“The God who andered by fire?” Are you kidding me? The Creator had nothing better in his head than consuming an ox with fire?
      Just a simple question: “WHY would he do that?”

      He could just say: “Hey guys, its me!”

      Always drama…and very bad written ones, of course.

    • Your "personal set of objective (!!!??) proofs" are merely your opinions and are entirely irrelevant if they are unobservable, unrepeatable and unfalsifiable.

    • When you can explain why a miracle happens for one and not the thousands and thousands of others, your work will have only just begun.

      Men of the cloth are increasingly losing their faith because they find out that prayer doesn't work. If you've been at it a while, I expect the thought is nibbling at the fringes of your mind. You might find The Clergy Project of interest – https://clergyproject.org/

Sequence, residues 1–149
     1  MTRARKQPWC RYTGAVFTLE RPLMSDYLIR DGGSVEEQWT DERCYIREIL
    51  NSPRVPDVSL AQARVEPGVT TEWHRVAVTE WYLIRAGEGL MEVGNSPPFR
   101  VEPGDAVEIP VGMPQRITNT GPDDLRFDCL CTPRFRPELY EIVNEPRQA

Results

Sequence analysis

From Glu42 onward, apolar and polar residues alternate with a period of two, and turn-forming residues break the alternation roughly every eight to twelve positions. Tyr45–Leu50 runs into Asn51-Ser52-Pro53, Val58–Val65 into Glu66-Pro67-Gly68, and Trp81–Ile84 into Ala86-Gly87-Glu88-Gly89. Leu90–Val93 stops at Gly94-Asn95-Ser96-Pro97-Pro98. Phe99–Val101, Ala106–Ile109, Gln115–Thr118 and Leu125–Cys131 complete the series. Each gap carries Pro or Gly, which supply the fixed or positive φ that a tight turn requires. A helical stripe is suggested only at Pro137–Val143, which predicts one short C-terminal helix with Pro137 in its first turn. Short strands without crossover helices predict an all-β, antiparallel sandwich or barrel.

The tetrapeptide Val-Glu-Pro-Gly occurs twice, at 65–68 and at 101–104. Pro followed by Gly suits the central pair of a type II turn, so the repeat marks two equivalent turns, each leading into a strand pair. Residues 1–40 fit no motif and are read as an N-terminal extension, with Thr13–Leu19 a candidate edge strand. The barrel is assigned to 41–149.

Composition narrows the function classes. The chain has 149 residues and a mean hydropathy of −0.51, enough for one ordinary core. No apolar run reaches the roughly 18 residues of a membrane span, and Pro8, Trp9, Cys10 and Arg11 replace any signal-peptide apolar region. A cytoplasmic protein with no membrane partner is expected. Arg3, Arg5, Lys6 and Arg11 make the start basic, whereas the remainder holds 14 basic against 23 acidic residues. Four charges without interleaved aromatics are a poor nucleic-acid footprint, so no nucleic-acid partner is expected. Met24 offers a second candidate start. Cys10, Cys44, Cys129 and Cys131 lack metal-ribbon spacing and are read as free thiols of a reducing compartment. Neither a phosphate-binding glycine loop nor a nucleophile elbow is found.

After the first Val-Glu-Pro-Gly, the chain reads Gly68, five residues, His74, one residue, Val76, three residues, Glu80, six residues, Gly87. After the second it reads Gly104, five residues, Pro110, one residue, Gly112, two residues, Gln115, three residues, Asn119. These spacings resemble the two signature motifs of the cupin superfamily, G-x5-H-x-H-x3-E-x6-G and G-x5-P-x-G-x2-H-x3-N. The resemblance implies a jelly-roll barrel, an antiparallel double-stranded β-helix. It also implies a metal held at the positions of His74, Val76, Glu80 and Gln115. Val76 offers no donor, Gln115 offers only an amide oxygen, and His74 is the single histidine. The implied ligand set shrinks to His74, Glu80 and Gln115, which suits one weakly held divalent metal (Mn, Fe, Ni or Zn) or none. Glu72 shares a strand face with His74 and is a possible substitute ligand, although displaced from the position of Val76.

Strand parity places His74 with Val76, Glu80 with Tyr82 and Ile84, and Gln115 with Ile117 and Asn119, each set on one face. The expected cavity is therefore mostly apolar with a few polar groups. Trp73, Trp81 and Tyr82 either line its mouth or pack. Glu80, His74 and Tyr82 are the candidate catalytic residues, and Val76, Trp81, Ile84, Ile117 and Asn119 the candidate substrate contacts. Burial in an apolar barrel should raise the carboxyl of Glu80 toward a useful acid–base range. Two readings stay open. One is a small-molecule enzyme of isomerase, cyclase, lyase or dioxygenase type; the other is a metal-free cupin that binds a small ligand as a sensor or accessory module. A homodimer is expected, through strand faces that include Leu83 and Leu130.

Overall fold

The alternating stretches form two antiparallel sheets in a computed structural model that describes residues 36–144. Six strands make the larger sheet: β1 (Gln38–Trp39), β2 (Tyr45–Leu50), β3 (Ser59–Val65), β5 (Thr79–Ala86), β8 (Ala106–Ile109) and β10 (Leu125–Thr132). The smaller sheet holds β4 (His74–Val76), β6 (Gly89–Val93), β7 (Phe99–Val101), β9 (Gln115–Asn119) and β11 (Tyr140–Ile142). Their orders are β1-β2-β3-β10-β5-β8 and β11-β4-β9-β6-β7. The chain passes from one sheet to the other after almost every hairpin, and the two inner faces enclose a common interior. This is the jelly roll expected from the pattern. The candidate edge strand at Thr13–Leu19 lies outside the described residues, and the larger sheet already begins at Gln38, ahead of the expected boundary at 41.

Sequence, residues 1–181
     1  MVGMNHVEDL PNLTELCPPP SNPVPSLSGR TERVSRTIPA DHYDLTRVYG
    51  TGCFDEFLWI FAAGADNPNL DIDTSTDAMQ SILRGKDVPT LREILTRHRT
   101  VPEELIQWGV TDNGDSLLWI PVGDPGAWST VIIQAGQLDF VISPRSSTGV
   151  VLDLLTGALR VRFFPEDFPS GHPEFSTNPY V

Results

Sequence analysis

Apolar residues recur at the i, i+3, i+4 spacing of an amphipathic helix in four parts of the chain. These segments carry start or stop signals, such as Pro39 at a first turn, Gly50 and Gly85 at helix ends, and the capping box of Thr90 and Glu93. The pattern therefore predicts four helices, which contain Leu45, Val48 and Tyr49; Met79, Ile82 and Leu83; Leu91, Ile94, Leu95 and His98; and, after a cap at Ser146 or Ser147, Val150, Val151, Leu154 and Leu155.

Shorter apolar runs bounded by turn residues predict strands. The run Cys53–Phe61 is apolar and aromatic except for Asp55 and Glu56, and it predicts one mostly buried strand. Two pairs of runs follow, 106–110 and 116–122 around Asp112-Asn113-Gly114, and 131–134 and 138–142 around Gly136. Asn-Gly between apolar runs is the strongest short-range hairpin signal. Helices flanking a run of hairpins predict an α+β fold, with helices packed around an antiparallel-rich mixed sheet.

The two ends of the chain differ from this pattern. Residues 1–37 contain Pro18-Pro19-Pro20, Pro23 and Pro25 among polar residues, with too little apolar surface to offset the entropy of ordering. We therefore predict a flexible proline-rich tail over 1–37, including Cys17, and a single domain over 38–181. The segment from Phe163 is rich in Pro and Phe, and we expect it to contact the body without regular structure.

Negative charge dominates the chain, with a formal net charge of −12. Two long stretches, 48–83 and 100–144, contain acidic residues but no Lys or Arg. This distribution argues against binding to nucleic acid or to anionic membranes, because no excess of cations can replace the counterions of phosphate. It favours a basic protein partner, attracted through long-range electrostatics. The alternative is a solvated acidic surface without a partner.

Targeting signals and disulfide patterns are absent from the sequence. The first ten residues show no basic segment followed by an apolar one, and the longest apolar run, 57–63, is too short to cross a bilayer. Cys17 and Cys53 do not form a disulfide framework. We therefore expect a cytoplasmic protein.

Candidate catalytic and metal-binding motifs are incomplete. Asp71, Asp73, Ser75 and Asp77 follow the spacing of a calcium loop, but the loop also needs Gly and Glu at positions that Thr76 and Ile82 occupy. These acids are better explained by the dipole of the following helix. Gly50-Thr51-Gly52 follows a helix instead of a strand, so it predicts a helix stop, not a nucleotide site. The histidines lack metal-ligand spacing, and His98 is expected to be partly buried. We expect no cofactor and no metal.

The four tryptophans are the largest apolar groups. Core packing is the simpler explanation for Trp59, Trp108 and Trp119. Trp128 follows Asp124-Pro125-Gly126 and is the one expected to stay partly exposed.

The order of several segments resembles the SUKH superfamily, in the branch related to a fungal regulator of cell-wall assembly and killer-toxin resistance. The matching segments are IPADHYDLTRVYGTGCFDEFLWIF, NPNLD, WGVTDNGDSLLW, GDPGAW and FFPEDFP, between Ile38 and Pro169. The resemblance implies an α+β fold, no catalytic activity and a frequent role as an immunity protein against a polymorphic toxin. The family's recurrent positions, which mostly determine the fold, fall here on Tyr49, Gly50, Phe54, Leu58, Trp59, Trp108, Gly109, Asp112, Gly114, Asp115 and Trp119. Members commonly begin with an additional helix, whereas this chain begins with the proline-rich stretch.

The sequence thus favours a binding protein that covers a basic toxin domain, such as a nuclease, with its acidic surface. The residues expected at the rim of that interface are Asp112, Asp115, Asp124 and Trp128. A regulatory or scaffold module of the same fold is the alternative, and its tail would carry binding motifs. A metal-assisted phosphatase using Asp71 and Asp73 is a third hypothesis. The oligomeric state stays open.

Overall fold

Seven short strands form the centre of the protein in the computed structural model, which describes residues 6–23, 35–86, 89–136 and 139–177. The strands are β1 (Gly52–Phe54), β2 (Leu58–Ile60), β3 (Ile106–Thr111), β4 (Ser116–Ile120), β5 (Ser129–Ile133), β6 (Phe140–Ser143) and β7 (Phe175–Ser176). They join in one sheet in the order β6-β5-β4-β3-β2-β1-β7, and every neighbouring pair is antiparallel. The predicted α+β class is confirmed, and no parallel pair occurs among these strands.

• Well stated. I'm an atheist, with a scientific bent, but have to hand it to you for the rational and thoughtful way in which you defended your faith. Well done. I wish all people of faith were as calm and considerate as yourself. I would listen more.

  2. Organized religions may include a fact here or there (a person name Jesus may have existed), but much is made up (the virgin birth) to fit an agenda. That should be the focus here. WHY where these myths/religions created? Perhaps to give comfort so people can survive. Perhaps to remove the angst of the unknown – what happens when we die. None of that bothers me. But large organized religions were developed by men to control the masses. They aren't called sheep for nothing. The power of religion over people has resulted in violence and adversity throughout the ages and stunted the growth of human knowledge and progress. If we can't eliminate it, we at least must ensue that it doesn't touch education or politics.